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A new study was recently published in the Journal of Neuroscience that explains how scientists have restored immune function in mice with autonomic dysreflexia. This condition is common among people (and mice) with spinal cord injuries. Although most people in Cleveland associate paralysis with spinal cord injuries, there are a host of different conditions that are associated with serious back injuries. This includes autonomic dysreflexia or immune suppression.

Although researchers have only been working with mice and restoring immune function, it can serve as the basis for future research and therapies for humans with immune suppression caused by spinal cord injuries. These future studies will take time, however, meaning many people with spinal cord injuries will likely need continual medical care until their immune systems can be boosted.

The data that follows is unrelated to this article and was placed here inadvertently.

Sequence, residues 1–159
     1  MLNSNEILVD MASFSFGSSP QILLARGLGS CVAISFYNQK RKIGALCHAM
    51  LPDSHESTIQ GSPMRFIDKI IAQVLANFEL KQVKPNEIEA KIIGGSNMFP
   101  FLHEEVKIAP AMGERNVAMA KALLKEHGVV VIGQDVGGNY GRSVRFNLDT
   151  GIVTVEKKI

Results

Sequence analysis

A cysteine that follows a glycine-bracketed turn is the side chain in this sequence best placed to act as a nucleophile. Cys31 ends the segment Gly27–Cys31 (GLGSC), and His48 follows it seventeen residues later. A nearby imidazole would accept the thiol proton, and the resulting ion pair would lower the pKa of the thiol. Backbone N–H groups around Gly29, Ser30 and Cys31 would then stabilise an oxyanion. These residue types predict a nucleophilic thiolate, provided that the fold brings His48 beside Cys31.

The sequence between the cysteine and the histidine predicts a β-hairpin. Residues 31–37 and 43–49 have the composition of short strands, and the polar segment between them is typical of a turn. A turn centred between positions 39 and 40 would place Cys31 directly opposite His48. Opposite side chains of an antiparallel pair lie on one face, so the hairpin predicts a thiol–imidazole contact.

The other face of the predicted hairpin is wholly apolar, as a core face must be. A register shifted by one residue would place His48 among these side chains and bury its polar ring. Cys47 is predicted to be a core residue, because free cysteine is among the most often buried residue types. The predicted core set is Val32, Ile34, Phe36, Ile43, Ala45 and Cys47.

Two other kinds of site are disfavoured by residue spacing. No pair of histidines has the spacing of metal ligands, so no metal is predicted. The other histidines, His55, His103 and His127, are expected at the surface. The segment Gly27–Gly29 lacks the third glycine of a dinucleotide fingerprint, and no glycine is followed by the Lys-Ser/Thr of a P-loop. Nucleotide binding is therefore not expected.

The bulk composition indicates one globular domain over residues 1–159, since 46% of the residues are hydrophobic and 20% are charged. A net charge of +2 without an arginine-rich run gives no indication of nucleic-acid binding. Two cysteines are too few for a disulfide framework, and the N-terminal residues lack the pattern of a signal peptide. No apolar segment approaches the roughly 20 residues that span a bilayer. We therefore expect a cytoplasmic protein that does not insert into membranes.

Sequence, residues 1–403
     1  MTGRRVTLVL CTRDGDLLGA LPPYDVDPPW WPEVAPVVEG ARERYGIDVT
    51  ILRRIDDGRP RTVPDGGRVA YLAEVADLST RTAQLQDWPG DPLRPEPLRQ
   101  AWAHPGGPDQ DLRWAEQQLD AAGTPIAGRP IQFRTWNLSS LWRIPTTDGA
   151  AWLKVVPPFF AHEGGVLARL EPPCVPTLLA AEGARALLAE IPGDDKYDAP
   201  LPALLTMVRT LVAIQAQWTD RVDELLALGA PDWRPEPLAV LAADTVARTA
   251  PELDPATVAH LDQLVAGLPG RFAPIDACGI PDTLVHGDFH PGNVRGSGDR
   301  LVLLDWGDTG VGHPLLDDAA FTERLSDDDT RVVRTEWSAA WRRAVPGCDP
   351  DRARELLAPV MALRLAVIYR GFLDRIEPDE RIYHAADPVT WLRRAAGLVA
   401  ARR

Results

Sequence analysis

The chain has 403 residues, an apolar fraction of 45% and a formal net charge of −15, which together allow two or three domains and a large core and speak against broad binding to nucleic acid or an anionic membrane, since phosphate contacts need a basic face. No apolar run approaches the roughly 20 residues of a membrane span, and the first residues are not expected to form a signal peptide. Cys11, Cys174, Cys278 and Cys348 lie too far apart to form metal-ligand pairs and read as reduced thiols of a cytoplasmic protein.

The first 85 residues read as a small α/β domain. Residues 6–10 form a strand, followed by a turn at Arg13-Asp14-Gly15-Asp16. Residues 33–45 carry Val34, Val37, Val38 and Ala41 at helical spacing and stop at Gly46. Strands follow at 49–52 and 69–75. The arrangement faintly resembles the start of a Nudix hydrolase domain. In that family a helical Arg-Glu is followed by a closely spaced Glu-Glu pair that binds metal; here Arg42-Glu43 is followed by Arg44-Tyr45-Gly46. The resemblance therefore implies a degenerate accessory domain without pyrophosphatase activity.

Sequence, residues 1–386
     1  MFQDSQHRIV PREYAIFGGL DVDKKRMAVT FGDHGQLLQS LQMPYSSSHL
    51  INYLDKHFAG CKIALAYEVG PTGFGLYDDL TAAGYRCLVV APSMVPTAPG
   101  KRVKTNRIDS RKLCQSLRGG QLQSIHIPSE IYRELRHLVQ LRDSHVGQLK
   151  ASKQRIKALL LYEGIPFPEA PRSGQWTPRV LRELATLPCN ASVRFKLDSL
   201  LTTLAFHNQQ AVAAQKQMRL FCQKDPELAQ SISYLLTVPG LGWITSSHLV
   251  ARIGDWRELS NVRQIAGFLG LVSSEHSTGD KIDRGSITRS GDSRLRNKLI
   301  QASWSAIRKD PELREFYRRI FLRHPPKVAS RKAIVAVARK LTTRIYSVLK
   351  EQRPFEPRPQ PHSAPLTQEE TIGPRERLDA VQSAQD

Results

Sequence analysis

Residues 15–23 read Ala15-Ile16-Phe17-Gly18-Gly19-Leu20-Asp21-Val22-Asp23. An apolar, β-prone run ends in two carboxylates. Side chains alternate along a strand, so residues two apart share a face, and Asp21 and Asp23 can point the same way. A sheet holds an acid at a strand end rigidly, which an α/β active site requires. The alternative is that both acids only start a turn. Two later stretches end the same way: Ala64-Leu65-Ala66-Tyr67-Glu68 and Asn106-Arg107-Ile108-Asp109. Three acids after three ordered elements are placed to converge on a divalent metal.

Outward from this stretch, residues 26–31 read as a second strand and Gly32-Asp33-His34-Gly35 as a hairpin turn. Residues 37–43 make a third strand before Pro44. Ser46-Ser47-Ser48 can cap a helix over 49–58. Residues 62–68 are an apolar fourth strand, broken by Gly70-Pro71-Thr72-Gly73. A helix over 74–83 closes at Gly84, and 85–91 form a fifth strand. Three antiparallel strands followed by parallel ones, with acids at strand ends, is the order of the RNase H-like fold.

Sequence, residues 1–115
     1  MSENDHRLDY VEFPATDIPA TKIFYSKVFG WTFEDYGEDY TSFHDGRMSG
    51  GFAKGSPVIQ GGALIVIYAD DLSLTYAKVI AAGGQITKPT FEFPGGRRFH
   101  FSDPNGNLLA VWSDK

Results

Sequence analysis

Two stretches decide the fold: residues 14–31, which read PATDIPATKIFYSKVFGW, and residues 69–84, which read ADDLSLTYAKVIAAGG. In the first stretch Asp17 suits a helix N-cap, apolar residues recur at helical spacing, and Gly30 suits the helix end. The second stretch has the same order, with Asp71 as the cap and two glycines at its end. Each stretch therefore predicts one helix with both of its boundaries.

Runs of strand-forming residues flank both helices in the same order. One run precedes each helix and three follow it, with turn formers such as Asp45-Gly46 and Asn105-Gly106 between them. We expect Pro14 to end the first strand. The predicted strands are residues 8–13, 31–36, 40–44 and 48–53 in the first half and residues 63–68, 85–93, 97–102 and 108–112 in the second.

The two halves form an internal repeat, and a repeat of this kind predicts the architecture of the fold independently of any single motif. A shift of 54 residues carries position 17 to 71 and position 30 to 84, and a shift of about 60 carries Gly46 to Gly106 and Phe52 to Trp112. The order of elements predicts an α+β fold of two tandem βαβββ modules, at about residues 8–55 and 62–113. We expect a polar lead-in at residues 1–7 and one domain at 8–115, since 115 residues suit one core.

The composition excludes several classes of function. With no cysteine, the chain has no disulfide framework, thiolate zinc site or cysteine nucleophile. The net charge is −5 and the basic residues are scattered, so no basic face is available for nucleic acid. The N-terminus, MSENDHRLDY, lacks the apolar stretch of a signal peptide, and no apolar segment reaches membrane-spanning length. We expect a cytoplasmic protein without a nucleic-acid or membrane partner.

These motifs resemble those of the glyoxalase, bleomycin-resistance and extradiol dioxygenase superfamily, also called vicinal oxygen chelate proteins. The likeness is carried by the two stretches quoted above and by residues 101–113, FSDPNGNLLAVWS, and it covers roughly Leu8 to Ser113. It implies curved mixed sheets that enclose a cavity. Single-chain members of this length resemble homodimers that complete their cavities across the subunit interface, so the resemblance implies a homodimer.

The cost of such extensive medical care can be overwhelming. Even with the best insurance, paying for such treatment can push someone with spinal cord injuries into debt. This is why many people in Ohio whose back injuries were caused by someone else’s negligence file personal injury lawsuits seeking compensation for their injuries and future medical treatments. These lawsuits can also be extremely beneficial for anyone who was also paralyzed by his or her back injuries.

In this recent study, scientists used a combination of drugs that reduced the immune modulatory hormones that are created during autonomic dysreflexia. Should similar treatments ever be available to humans it could go a long way toward helping prevent people living with paralysis from developing infections that others may more easily fight off.